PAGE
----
White slavery has by and large been swept under the carpet of history. It is a stain on the reputations of governments that concealed it. Recent research into slavery has emphasised the role of particular entrepreneurs, some of them nobility or simply wealthy individuals who also frequently left bequests to display their benevolence. Until fresh revelations during the last decade there were many memorials in the British Isles that have been tarnished by the history attached to them. Until relatively recently the Irish and Scots were never truly free. The first part of this series examined history and if only quite superficially explained that. A great deal is known about feudalism in England, serfdom and their version of being bound, if not to all intents and purposes owned, by the landowning elite. The story of the transports to the colonies is often recalled. Yet for the rest of the British Isles, history tends to overlook the medieval into early modern periods, does not closely examine such events as the Irish Rebellions of 1641 and 1798 and how the latter led to ‘deportations’ into slavery or how the Highland Clearances after the 1745 Jacobite Rising brought about transportations that lasted until the 1850s, although enslavement finished in 1807 when the slave trade in the British Empire was abolished. However, Irish and Scots slaves in the colonies were not freed until 1838 and then only after slave owners, but not the slaves themselves, received compensation.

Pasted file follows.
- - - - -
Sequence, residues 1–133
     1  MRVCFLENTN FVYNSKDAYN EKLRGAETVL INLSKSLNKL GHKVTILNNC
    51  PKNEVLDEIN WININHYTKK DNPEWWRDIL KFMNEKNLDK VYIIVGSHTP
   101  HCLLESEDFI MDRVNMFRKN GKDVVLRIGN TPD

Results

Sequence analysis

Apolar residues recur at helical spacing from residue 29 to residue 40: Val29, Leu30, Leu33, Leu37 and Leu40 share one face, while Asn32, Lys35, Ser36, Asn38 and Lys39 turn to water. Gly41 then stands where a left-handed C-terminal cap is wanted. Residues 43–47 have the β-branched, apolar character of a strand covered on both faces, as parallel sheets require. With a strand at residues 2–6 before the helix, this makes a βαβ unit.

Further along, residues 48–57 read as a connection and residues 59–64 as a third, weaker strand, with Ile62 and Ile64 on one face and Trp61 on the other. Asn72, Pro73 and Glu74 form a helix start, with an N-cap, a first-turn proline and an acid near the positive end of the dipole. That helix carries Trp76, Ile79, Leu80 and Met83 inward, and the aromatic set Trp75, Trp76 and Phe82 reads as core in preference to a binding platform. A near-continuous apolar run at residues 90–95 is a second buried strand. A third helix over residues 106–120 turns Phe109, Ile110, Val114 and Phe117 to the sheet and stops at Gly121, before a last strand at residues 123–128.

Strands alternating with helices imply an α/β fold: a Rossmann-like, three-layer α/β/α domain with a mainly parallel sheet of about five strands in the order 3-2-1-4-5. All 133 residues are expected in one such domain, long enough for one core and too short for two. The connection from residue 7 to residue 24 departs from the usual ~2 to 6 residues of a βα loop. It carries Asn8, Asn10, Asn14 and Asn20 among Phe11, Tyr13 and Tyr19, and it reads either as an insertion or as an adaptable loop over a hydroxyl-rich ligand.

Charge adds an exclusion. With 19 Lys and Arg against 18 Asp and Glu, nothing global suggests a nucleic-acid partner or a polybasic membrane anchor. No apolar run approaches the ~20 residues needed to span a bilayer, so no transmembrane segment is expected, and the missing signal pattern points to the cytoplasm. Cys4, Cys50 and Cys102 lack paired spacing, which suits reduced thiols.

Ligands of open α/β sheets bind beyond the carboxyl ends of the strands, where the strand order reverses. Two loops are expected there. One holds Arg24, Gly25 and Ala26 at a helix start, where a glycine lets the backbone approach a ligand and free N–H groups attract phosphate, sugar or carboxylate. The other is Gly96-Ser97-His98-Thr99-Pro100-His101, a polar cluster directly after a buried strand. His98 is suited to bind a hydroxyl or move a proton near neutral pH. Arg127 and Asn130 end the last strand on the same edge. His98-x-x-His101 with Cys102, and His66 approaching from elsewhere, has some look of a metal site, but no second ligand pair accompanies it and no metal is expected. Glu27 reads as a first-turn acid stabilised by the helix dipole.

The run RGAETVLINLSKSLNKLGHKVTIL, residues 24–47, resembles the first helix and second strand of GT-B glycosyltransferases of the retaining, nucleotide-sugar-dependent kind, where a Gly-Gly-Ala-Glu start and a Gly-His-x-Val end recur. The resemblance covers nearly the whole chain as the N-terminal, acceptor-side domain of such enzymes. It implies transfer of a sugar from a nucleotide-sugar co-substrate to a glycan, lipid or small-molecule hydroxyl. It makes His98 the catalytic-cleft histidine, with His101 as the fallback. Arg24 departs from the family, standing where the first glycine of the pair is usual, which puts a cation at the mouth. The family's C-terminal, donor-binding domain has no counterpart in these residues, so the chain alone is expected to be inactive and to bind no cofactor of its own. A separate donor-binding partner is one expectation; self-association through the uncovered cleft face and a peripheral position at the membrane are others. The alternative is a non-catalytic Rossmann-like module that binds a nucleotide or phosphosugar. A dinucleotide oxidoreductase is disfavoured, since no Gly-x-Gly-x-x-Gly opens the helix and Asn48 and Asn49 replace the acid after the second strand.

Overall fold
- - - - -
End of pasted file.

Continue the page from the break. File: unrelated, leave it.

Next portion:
After the Transatlantic slave trade was abolished in the 1800s, many formerly enslaved people were forced into indentured labour – a form of debt bondage – for many years on plantations in Africa, the Caribbean and South-East Asia. People who experience debt bondage were often tricked into working for little or no pay. In many cases they were forced to pay off extortionate fees associated with their recruitment, accommodation or food, with no control over the debt they had accrued. Most or all of the money they earned went to pay off their ‘loan’.  In many cases, people who experienced debt bondage worked far more, and for far longer, than it should have taken to pay off their loans, worked diligently without seeing an end to their debt.